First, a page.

Lykaonia was an area in what is now central Turkey, north of the Taurus Mountains. Lukkawanna, the Ancient Hittite name for the area, came from the 2nd millennium B.C. and translated as ‘Land of Lukka’ with ‘Lukka’ meaning wolf. The Ancient Greek for wolf was ‘Lykos’ so this archaic association with wolves was already thousands of years old when this coin was struck. This association is celebrated on the silver obols we are offering here with an impressively engraved forepart of a wolf on the reverse of the coin. The obverse shows Baaltars, the local version of the Greek god, Zeus. This parallel can be seen in the way he is seated and holding his sceptre, the same as Zeus on Alexander the Great’s coinage. These coins grade Very Fine and were struck at the city of Laranda. They date to the middle of the 4th century B.C. and we only have a small group, I hope you get one!
£65.00
Macedon, Philip II (358-336 B.C.) AE.18 Very Fine_obv

Macedon, Philip II (358-336 B.C.) AE.18 Choice Good Very Fine

Philip II ruled from 359-336 B.C. and began the rise of the Kingdom of Macedon. He reformed the army and was able to dominate the rest of the Greek city-states. As he was preparing to invade the Achaemenid Persian Empire he was assassinated by a member of his bodyguard so his son Alexander the Great took over, how different history could have been! The last time we had this type they sold out in all grades and it has been hard to get more! These bronze coins grade Very Fine, show the head of Apollo on the obverse and a naked youth on horseback on the reverse. Be the proud owner of a nearly two and a half thousand-year-old coin of Philip II of Macedon, Father of Alexander the Great.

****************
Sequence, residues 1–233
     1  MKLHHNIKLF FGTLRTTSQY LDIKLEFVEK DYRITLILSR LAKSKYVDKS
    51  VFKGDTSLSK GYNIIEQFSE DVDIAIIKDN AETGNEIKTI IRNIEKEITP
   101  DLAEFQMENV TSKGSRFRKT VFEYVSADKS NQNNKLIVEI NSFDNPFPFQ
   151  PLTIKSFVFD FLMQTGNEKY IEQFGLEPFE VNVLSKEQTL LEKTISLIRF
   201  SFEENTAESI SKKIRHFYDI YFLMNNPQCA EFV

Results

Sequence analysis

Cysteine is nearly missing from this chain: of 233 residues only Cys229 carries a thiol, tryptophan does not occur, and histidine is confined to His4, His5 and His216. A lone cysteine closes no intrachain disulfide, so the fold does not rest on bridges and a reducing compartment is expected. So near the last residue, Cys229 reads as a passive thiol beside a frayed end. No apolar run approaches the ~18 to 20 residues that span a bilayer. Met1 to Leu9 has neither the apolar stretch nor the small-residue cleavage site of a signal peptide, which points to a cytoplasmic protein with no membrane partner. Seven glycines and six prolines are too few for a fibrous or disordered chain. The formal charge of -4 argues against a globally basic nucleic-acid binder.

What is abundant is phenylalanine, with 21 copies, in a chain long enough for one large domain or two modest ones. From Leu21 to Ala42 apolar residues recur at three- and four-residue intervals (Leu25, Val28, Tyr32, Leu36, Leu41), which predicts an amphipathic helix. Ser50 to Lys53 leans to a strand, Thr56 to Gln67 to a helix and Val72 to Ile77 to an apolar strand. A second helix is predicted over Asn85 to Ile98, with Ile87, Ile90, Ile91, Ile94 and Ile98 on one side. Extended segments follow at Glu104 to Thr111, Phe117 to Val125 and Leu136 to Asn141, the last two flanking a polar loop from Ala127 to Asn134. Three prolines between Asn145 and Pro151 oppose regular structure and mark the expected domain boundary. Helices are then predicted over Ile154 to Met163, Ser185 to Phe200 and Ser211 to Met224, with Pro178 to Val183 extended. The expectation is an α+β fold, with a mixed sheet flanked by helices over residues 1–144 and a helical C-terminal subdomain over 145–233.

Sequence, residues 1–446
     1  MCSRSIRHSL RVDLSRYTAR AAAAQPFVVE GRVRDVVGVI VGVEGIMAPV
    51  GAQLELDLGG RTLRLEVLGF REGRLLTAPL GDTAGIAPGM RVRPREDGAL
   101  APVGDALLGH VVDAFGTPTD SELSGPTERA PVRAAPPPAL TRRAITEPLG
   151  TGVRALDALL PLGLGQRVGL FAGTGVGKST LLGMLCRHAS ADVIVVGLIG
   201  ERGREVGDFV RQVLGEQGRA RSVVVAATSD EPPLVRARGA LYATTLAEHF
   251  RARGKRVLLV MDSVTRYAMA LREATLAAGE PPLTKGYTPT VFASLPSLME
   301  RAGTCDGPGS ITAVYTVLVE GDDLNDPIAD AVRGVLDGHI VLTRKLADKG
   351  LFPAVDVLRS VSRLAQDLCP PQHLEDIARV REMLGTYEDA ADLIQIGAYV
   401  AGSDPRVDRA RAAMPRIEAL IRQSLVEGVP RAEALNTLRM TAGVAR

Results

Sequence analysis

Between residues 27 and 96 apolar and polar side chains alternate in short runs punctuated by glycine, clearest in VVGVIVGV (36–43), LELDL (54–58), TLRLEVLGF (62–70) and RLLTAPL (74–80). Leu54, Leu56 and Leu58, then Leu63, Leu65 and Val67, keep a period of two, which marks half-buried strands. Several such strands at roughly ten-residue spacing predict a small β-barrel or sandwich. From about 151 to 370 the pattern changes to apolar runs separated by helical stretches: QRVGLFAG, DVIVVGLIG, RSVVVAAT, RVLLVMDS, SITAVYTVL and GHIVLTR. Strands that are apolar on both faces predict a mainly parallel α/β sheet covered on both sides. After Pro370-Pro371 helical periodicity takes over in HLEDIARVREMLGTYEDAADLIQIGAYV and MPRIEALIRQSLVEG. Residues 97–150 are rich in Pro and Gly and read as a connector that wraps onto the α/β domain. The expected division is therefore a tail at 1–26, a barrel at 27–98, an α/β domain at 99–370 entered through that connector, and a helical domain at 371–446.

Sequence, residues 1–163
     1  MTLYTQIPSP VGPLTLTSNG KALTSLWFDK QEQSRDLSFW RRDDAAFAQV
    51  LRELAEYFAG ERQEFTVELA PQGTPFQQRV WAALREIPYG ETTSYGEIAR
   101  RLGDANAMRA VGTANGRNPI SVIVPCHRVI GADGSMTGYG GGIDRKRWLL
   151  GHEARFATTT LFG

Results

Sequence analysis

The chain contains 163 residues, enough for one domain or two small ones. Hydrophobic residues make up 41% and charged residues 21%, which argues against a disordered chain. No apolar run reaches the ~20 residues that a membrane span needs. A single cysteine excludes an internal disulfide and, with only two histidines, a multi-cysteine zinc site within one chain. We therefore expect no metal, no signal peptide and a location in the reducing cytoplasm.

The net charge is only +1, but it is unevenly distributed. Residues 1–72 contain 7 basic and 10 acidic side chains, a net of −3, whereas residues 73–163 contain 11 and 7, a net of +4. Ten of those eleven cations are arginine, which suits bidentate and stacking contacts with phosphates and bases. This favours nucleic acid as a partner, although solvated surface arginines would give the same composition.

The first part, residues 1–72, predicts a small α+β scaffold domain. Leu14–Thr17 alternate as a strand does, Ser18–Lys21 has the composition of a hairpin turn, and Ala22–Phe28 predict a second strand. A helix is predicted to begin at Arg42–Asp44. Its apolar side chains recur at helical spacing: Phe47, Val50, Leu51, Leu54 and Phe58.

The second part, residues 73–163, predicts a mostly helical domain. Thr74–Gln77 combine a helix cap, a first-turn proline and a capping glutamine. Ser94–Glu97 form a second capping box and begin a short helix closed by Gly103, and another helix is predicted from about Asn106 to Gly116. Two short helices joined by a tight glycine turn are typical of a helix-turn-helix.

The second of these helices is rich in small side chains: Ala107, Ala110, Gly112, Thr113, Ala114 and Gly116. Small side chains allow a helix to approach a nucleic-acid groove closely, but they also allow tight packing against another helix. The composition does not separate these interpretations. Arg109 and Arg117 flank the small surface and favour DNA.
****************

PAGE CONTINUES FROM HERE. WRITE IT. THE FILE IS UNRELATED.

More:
£95.00
Macedon. Kassander. 317-305 B.C., Æ 1/2 Unit_obv

Macedon. Kassander. 317-305 B.C., Æ 1/2 Unit.

Macedon. Kassander. 317-305 B.C., Æ 1/2 Unit. Herakles head in Nemean lionskin right / Lion seated right. Good Fine.
£75.00
Miletos Diobol 520-450 B.C_obv

Miletos Diobol 520-450 B.C. Good Fine

The city of Miletos on the coast of modern Turkey has been occupied since the Neolithic, rising and falling a few times before this coin was made between 520-450 B.C. In 499 B.C. the Ionion Revolt started, headed by Miletos’ tyrant, Aristagoras, against the Achaemenid Persian Empire. This revolt was the first act of the famous Greco-Persian Wars! Despite a good start it was crushed by Darius the Great in 494 B.C. He killed the men, sold the women & children into slavery with the young men made eunuchs so that no Milesian would ever be born again. Don’t worry, some had escaped to Greece so Miletos survived and the Persians quickly rebuilt the city for trade. These small silver coins called a Diobol were made before and after the revolt, show a Lion on the obverse with a stellate pattern on the reverse. Archaic, Greek silver coin in Good Fine grade, nearly £2,500 years old and at under £100!
£85.00
Seleukid Kingdom. Demetrios I. 162-150 B.C., AR Drachm_obv

Seleukid Kingdom. Demetrios I. 162-150 B.C., AR Drachm.